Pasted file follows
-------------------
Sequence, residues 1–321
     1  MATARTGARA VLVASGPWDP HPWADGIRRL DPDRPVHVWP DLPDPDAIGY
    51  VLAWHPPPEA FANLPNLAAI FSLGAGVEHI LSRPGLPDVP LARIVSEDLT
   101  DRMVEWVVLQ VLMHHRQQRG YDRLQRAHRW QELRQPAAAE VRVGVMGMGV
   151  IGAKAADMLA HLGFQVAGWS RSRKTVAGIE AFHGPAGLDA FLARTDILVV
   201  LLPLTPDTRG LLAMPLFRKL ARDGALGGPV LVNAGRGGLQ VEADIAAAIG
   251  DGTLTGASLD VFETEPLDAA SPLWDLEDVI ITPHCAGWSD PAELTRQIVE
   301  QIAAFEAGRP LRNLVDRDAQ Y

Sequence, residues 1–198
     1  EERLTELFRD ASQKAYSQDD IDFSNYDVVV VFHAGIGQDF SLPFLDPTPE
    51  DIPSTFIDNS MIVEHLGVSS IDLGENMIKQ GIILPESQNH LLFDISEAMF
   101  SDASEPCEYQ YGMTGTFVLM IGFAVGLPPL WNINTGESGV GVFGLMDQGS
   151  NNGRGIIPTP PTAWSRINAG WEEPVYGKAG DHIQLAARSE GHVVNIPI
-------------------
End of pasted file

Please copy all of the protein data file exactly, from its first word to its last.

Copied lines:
Sequence, residues 1–321
     1  MATARTGARA VLVASGPWDP HPWADGIRRL DPDRPVHVWP DLPDPDAIGY
    51  VLAWHPPPEA FANLPNLAAI FSLGAGVEHI LSRPGLPDVP LARIVSEDLT
   101  DRMVEWVVLQ VLMHHRQQRG YDRLQRAHRW QELRQPAAAE VRVGVMGMGV
   151  IGAKAADMLA HLGFQVAGWS RSRKTVAGIE AFHGPAGLDA FLARTDILVV
   201  LLPLTPDTRG LLAMPLFRKL ARDGALGGPV LVNAGRGGLQ VEADIAAAIG
   251  DGTLTGASLD VFETEPLDAA SPLWDLEDVI ITPHCAGWSD PAELTRQIVE
   301  QIAAFEAGRP LRNLVDRDAQ Y

Sequence, residues 1–198
     1  EERLTELFRD ASQKAYSQDD IDFSNYDVVV VFHAGIGQDF SLPFLDPTPE
    51  DIPSTFIDNS MIVEHLGVSS IDLGENMIKQ GIILPESQNH LLFDISEAMF
   101  SDASEPCEYQ YGMTGTFVLM IGFAVGLPPL WNINTGESGV GVFGLMDQGS
   151  NNGRGIIPTP PTAWSRINAG WEEPVYGKAG DHIQLAARSE GHVVNIPI